cd repoToChange
git remote add otherplace ../../wherever/../gitrepo
git ls-remote otherplace # verify it looks ok, figure out which branch you like (if not master)
git fetch otherplace # gets it all
git checkout otherplace/master # creates it detached, good because we need to name the new branch something other than master
git checkout -b new_otherplace_branchname # creates new local branch with a good name
git push --set-upstream origin new_otherplace_branchname # takes the branch from the OLD origin and pushes it to the ACTIVE origin, cool!
git pull when untracked files are in the way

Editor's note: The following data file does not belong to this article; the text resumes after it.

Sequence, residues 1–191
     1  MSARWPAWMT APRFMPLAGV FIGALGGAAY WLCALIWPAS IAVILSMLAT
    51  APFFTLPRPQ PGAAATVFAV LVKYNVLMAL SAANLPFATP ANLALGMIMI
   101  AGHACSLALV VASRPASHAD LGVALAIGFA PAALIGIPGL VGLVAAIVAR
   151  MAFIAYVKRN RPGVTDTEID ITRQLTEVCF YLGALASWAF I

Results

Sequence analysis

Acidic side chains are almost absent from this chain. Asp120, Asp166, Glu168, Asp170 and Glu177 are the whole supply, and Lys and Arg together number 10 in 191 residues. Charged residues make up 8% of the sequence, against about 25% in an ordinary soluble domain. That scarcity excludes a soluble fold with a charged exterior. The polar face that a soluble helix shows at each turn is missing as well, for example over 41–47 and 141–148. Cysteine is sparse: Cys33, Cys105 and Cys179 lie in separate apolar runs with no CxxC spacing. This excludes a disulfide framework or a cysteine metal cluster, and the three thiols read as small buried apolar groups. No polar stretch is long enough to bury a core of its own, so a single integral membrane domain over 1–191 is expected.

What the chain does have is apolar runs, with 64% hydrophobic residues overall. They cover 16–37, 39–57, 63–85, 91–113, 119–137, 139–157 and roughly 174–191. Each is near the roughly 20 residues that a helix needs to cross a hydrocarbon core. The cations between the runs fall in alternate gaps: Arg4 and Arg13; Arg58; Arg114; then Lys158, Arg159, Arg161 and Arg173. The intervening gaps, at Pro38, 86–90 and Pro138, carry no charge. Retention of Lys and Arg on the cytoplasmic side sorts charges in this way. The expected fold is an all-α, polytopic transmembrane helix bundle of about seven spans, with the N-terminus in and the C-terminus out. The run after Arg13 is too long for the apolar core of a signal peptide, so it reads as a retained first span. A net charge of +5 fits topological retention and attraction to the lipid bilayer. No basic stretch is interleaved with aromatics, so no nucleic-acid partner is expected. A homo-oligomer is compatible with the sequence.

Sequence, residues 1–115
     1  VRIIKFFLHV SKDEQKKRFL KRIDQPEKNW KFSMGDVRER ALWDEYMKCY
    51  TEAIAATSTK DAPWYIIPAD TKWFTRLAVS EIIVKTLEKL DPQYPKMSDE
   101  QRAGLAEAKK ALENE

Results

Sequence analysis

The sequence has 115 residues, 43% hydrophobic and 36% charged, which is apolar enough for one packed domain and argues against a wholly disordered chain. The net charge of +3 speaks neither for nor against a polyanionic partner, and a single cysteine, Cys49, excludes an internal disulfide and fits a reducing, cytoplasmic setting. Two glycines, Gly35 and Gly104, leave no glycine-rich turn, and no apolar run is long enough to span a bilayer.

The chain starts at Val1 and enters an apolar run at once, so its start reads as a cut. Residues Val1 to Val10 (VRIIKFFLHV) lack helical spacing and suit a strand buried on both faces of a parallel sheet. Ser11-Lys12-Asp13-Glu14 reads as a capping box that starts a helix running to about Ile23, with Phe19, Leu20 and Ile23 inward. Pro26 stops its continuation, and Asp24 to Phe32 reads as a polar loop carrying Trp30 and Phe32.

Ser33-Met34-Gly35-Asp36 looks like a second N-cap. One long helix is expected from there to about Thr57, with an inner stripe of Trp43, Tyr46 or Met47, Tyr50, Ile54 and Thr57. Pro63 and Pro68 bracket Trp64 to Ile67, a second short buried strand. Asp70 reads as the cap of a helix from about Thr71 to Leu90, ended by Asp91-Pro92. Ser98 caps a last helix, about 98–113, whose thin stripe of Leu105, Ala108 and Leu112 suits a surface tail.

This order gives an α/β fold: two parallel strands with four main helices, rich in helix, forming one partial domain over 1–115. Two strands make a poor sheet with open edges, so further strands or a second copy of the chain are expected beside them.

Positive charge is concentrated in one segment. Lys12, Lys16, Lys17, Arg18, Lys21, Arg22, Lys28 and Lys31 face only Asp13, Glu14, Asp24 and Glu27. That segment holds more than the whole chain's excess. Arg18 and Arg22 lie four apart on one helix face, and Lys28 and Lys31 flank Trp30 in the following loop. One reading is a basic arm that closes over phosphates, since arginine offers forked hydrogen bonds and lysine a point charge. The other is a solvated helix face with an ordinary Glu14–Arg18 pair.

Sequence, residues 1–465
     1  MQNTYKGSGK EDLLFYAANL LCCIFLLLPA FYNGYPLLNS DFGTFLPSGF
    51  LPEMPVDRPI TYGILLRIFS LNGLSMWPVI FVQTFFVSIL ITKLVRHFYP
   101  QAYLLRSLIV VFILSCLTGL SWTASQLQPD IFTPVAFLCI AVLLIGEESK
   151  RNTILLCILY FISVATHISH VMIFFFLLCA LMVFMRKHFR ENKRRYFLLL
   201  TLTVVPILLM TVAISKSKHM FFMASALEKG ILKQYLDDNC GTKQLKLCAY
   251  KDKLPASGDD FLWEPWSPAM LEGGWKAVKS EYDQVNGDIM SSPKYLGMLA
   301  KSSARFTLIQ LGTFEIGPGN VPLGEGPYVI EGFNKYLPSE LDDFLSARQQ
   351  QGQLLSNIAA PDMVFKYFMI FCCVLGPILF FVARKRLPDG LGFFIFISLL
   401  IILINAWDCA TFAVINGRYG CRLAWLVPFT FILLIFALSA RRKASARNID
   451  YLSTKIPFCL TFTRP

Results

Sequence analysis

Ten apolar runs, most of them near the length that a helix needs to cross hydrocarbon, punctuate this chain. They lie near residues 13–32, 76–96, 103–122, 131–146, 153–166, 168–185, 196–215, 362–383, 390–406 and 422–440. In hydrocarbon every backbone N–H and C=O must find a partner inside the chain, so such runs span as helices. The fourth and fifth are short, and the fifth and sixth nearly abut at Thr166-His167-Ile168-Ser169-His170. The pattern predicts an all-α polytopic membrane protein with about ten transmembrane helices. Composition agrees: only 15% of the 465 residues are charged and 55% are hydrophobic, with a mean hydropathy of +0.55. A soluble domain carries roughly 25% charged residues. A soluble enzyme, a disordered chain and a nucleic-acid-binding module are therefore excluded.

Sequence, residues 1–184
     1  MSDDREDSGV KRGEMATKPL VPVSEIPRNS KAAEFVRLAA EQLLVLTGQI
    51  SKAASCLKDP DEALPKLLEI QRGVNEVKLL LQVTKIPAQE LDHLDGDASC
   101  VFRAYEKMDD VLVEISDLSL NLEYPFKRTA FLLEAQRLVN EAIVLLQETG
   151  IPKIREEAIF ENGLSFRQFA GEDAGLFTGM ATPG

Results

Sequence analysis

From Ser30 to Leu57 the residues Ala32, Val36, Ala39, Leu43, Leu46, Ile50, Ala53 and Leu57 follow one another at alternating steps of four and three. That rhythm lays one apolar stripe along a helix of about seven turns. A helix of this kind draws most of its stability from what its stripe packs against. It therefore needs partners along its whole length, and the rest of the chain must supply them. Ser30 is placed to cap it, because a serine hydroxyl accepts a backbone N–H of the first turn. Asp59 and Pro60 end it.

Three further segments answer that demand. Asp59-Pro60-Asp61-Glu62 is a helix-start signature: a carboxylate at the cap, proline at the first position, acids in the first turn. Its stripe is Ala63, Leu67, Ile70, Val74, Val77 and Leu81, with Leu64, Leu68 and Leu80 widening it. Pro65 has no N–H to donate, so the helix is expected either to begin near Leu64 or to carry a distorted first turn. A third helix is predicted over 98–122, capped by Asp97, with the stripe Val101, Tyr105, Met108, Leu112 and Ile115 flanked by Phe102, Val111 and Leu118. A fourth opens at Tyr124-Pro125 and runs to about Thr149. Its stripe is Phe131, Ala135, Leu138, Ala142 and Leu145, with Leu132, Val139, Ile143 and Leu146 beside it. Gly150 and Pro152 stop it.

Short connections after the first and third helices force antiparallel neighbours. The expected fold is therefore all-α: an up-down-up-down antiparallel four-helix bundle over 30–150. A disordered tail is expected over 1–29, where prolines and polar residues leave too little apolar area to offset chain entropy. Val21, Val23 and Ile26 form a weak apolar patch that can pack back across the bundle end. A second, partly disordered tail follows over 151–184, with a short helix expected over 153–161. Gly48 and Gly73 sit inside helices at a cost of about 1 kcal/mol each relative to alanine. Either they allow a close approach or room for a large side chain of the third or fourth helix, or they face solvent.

This will pull, forcing untracked files to be overwritten by newly tracked ones in the repo:
git fetch --all
git reset --hard origin/mymatchingbranch
git create new branch when untracked files are in the way
  git checkout -b bj143 origin/bj143
     git : error: The following untracked working tree files would be overwritten by checkout:
  TOTAL PURGE FIX (too much):
     git clean  -d  -fn ""
        -d dirs too
        -f force, required
        -x include ignored files (don't use this)
        -n dry run
  BEST FIX (just overwrite what is in the way):
     git checkout -f -b bj143 origin/bj143
git recreate repo
git clone ssh://m@thedigitalmachine.com/home/m/development/thedigitalage/ampache-with-hangthedj-module
cd ampache-with-hangthedj-module
git checkout -b daily_grind origin/daily_grind

If you already have the daily_grind branches and just need to connect them:

git branch -u origin/daily_grind daily_grind
git connect to origin after the fact
git remote add origin ssh:// m@bitpost.com/home/m/development/logs
git fetch